Thai police stand down as tensions with protesters ease


Anti-government protesters occupy the grounds of Government House after police dismantle barricades preventing access on December 3, 2013 in Bangkok, Thailand.


Rufus Cox

Tensions eased in Thailand Tuesday, following days of protests, as police lifted barricades that surrounded the central police station and other government buildings, welcoming protesters with handshakes.

The Thai government, led by Prime Minister Yingluck Shinawatra, has refused to step down despite massive street protests calling for her resignation.

Shinawatra said she had reached a truce with protesters to halt demonstrations in order to honor the birthday of the country's revered King Bhumibol Adulyadej, who turns 86 on Thursday.

Protest leader Suthep Thaugsuban vowed that the fight to remove the prime minister would continue after the truce.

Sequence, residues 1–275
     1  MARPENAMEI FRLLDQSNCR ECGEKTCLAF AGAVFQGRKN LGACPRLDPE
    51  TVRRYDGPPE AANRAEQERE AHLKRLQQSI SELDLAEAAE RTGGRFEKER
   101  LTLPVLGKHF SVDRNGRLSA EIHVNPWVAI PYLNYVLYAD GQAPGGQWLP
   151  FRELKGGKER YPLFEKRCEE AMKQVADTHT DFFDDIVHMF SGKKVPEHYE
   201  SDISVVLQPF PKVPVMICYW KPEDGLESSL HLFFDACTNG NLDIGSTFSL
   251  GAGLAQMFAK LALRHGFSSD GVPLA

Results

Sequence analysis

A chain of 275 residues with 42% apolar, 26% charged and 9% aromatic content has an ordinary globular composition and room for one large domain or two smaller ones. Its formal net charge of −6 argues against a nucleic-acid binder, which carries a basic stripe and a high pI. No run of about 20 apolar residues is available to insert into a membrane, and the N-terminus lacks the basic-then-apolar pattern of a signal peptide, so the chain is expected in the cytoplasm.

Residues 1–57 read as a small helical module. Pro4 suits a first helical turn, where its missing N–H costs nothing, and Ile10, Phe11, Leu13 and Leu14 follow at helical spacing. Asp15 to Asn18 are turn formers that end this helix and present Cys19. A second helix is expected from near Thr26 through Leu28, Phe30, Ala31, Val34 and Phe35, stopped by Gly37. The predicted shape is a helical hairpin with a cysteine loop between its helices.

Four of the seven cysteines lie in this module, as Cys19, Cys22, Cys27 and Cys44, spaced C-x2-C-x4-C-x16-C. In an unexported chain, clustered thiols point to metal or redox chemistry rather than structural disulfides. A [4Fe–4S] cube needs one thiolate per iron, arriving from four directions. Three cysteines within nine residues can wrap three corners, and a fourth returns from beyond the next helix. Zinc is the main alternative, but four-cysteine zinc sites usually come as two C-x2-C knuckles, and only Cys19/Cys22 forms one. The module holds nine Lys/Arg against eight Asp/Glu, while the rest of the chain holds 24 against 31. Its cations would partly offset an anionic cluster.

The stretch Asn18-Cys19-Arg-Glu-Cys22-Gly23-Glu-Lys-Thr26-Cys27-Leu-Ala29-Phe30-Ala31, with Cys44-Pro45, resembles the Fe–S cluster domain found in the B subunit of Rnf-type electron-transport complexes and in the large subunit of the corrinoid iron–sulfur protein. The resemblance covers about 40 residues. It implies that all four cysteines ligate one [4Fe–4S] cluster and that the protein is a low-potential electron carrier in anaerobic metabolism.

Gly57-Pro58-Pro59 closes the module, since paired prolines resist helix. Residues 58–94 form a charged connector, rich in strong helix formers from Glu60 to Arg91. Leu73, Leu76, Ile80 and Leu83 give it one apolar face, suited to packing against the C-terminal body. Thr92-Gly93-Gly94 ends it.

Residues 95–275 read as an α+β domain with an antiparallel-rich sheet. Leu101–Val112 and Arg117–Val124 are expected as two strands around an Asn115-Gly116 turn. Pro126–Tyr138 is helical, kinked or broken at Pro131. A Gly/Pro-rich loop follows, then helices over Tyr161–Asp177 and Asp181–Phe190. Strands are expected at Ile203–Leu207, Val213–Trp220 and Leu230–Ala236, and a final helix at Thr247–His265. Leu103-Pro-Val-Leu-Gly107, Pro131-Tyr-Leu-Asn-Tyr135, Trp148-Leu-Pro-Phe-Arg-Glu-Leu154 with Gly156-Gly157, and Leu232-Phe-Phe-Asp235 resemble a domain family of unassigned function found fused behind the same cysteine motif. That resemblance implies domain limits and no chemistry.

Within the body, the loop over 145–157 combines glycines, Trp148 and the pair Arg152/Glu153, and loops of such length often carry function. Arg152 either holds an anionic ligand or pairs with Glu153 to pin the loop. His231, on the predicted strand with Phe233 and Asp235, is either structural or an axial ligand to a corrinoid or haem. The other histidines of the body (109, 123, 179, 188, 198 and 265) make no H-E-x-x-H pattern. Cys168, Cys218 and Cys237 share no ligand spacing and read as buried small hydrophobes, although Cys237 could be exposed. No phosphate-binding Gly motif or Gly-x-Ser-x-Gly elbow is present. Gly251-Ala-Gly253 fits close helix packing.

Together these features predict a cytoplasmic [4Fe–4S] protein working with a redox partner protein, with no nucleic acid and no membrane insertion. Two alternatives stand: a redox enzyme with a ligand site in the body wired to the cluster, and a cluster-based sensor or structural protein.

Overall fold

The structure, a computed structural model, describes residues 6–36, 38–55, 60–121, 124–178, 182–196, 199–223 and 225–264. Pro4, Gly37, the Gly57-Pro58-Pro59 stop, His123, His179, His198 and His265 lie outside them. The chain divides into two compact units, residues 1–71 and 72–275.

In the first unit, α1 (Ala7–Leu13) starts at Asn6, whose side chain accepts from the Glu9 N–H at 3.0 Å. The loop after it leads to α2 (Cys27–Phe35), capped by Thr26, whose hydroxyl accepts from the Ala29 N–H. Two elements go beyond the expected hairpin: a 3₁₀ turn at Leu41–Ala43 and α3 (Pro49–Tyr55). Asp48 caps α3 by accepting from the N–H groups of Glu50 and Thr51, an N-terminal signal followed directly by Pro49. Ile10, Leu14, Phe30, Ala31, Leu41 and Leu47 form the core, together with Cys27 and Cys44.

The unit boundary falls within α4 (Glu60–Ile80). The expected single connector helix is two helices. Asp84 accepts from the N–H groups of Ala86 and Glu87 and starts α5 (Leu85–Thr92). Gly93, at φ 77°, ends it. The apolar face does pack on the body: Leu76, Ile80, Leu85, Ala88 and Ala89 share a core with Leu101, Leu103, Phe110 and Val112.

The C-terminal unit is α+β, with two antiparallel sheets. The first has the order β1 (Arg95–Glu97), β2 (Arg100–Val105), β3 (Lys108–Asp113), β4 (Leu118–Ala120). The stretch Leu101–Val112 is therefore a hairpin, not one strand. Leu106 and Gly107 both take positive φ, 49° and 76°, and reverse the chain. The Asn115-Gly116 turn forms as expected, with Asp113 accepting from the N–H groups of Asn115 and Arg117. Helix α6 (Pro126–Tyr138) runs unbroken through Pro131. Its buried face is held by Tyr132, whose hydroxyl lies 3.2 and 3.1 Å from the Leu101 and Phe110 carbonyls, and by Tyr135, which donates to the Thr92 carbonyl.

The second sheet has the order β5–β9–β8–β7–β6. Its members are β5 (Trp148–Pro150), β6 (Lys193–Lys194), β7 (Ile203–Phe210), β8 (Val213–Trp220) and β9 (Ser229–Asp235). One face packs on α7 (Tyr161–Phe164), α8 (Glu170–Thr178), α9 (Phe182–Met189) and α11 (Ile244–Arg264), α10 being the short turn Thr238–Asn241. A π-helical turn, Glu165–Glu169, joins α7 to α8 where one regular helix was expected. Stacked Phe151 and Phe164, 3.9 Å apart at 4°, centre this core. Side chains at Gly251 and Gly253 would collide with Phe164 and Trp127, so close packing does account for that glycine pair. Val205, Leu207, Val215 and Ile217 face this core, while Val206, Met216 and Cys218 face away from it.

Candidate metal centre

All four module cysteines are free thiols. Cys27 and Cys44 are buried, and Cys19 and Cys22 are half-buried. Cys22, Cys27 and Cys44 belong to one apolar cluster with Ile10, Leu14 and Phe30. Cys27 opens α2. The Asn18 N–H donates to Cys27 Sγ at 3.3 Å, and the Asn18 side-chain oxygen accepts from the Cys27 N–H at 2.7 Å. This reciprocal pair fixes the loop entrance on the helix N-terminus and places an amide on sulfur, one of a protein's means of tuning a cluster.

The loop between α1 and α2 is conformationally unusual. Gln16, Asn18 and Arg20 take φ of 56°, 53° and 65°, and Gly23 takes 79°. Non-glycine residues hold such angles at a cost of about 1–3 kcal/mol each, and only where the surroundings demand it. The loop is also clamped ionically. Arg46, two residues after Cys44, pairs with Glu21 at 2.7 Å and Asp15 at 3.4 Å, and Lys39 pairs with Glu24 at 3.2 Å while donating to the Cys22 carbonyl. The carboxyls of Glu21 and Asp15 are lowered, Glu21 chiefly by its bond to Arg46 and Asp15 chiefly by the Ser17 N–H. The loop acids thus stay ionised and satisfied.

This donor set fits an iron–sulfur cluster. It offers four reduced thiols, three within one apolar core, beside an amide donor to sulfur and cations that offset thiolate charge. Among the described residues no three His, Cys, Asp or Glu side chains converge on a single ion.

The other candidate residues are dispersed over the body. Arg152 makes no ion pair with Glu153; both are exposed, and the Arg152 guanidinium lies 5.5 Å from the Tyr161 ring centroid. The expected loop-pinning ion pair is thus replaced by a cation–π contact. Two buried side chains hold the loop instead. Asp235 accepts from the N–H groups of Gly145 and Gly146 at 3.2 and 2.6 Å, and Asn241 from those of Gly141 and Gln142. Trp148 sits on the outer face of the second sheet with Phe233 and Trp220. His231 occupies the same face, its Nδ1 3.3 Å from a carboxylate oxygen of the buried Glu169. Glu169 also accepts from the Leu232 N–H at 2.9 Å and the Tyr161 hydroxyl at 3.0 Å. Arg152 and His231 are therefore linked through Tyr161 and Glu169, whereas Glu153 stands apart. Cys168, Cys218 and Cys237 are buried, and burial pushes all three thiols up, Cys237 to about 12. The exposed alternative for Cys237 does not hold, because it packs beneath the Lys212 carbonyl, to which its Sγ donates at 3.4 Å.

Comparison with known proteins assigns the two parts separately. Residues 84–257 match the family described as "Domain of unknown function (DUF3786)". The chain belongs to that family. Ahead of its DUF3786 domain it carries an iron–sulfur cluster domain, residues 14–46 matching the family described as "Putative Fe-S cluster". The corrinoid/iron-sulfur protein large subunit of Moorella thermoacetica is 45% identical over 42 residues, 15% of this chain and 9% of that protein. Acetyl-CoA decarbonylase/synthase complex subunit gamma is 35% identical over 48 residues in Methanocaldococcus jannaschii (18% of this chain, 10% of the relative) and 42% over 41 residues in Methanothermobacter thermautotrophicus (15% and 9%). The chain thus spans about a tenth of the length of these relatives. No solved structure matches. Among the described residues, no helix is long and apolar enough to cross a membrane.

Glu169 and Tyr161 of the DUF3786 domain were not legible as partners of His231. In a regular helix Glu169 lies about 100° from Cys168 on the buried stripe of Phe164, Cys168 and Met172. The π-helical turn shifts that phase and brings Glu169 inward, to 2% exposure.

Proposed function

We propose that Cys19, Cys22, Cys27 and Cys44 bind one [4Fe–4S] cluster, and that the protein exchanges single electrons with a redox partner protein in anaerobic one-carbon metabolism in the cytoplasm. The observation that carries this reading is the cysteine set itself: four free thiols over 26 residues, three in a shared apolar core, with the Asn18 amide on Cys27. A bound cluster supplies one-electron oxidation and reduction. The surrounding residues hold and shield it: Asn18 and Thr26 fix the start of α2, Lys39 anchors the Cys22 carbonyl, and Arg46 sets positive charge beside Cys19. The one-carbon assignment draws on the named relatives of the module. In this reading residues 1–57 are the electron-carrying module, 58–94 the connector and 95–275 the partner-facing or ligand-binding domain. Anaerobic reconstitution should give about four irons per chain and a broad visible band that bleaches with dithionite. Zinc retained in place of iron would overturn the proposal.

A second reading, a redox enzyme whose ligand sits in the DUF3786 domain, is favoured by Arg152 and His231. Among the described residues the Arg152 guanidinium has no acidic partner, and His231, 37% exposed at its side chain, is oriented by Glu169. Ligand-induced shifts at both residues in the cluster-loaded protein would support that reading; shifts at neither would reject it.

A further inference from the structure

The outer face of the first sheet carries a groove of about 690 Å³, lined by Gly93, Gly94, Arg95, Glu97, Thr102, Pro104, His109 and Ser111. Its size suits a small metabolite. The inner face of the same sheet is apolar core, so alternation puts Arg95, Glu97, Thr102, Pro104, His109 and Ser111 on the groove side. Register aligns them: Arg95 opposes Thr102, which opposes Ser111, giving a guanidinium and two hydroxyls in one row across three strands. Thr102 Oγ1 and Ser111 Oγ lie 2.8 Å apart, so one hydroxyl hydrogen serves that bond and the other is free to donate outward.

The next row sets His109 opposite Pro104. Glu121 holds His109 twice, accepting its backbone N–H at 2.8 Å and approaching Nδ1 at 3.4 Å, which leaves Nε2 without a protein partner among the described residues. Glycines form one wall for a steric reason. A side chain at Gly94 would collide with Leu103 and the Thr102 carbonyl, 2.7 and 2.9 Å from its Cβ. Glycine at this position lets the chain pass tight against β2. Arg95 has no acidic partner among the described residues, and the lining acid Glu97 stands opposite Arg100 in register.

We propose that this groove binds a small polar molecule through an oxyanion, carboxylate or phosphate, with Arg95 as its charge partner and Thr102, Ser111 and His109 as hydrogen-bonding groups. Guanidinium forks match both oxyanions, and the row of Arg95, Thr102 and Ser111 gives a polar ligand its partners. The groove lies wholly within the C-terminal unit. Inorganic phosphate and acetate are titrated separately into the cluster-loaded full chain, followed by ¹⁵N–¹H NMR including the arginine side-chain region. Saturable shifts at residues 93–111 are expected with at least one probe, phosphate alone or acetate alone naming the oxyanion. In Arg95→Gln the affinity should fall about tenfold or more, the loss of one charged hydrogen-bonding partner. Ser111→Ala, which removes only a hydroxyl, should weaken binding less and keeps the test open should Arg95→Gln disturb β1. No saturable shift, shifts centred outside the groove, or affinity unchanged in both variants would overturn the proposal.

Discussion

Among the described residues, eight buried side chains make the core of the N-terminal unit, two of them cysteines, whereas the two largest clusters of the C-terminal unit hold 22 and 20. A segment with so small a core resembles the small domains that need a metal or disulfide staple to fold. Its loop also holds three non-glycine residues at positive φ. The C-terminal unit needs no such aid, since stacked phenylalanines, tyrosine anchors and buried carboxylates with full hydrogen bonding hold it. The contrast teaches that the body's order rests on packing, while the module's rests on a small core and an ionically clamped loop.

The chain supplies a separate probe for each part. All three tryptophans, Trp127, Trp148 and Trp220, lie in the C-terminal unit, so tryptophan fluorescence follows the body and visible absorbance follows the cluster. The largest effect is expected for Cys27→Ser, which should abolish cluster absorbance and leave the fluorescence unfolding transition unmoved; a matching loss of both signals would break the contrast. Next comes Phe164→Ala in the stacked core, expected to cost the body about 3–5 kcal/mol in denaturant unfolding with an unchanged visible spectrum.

"We will continue fighting until Thaksin's regime is definitively wiped out," he said.

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Anti-government protesters have been surrounding and occupying government buildings in Bangkok for the last ten days.

Largely peaceful demonstrations by the so-called "yellow shirt" protesters turned violent over the weekend with protesters clashing with police.

Four people were killed and hundreds of others injured during street battles.

The yellow shirts are seeking to topple Shinawatra's democratically-elected government and replace it with an unelected "people's council," claiming the former bought the last election.

The tension began when a controversial amnesty bill was sent to the country's parliament, potentially allowing self-exiled former leader Thaksin Shinawatra to return to power. Thaksin, the current premier's brother, was ousted from power in 2006.

The bill failed in the Senate but sent up to 100,000 into the streets in daily protests against the government.